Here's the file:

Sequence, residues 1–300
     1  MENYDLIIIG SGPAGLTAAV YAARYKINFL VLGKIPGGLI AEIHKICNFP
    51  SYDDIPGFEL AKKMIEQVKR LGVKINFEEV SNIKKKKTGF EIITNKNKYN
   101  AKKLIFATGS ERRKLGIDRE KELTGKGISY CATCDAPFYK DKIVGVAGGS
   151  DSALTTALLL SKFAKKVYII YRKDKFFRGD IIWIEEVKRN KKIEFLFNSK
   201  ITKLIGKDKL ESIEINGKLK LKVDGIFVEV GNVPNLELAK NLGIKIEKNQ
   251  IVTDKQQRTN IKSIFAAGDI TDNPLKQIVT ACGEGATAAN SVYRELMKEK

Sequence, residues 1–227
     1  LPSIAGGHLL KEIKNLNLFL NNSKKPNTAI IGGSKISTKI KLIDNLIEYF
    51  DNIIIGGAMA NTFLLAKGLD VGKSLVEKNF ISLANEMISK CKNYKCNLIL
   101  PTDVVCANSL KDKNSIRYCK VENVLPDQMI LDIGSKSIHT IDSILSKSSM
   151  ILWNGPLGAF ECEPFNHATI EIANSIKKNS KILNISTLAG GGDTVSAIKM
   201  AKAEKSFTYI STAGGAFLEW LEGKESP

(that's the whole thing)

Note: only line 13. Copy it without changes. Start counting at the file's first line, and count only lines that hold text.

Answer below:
   201  AKAEKSFTYI STAGGAFLEW LEGKESP